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Maple Street Memories #11

Episode Eleven

Each week when she met with Charles she asked about his family and if the situation had improved.  Each week she was given the same response.  “No, chere, things are still unsettled.  Be patient.”

She shared the news about the sale of the house.  “I’m worried.  It’s the only home I’ve known and I love living there.  Bob is looking for a place for me, but I know I won’t be able to stay in that neighborhood.  It’s too expensive.”

He patted her hand.  “I’m happy to give you some money for a place nearby.  Tell Bob I’ll pay the difference.”

She smiled through her tears and shook her head.  “That’s most generous of you, Charles, but I couldn’t accept that.”

“Ah, yes, chere, you could.  And, you need to call me something else. Not Charles or Mr. Bernard.”

“What shall I call you?”

“I know you always refer to Stanley as Daddy, so how about Papa?”

She laughed and marveled at his French pronunciation.  “I like it.  It suits you, Papa.”

Over the next months, a steady stream of contractors and workmen visited the house.  There was constant pounding from hammers from above, scaffolding and ladders decorated the exterior, while flooring and electrical workers were scattered throughout the interior.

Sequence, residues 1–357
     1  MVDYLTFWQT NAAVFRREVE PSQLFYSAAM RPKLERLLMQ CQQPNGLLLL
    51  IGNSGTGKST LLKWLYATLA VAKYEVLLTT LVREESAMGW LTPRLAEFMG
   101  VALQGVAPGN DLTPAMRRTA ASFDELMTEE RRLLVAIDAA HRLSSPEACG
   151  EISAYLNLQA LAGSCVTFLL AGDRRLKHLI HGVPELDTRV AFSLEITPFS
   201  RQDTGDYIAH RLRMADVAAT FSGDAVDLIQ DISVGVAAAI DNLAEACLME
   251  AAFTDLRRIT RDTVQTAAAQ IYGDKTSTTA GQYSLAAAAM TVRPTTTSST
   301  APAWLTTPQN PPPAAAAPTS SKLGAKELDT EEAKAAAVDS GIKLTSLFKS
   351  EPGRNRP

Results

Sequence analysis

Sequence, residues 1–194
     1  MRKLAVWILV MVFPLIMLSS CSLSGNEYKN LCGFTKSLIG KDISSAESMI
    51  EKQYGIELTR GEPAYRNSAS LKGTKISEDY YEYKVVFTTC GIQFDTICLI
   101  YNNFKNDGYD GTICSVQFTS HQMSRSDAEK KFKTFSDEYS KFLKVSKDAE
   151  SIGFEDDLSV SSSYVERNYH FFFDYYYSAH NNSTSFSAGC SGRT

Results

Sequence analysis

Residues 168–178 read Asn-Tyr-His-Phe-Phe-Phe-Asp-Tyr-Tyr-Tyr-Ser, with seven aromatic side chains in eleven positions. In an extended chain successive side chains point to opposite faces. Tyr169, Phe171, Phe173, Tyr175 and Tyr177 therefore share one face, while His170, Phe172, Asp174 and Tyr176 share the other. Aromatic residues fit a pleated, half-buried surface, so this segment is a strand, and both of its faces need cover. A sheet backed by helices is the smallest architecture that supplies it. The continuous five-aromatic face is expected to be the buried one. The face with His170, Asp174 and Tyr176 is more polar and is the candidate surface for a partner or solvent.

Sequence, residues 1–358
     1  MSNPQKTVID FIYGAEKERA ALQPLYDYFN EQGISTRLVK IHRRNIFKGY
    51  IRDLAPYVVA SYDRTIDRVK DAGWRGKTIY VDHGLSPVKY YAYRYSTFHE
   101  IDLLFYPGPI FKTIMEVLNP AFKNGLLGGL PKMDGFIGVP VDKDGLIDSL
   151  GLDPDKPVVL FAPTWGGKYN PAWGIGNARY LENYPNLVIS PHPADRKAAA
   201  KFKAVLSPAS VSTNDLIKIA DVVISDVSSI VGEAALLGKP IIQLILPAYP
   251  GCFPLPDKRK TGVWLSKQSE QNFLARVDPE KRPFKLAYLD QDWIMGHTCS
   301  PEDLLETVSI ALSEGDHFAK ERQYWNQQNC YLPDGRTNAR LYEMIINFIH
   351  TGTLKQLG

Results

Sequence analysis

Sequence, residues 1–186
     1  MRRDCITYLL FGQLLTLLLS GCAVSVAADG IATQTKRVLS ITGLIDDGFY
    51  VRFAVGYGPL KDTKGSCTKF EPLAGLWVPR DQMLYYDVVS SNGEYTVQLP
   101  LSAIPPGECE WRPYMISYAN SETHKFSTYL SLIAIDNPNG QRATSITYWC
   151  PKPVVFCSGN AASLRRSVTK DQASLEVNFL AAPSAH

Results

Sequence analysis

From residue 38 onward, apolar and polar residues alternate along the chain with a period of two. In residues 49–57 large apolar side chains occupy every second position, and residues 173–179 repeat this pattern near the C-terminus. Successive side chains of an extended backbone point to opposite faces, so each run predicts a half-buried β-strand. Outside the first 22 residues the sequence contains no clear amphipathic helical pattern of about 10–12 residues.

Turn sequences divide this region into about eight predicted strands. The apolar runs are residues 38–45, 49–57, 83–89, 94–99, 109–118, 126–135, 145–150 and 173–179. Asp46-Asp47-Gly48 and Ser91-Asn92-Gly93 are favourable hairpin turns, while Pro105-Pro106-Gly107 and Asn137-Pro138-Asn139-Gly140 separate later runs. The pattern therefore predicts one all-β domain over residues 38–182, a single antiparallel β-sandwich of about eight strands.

She had signed the papers at Bob’s office, transferring ownership to Mr. and Mrs. Richard Mulvaney.  The proceeds had been divided between the three siblings and her packing chore continued.  There was a stipulation in the documents that Mary could occupy the house until November, which was longer than she anticipated.

She questioned the arrangement and Bob said the buyers were purchasing the house for their children who wouldn’t be in the area until close to Thanksgiving.  Bob had explained Mary’s situation and the Mulvaney couple had agreed to allow her to stay to give him time to find her a suitable home.

She arranged for the pastor to retrieve the pile of boxes she had gathered on the porch.  They were all the things the family had collected over the past decades of living in the house.  He removed stack upon stack, but she retained the boxes that held memories and items she hoped to keep if she could find a home with room for storage.

He also took some older pieces of furniture that were shabby and held no significant meaning for Mary.  She retained the best pieces, but couldn’t yet bear the thought of selling or discarding them.  They held so many memories of her mother and her life on Maple Street.

Summer was in full swing by the time the work on the house was complete.  She marveled as she walked through the rooms and took in the view from the sidewalk.  It had been restored to its previous glory.  The flower gardens were lush and overflowing with blooms.  Shrubs had been groomed and the cracks in the walkways had been repaired.  The house had been painted and with the new roof, it looked as it had when Mary was a child.

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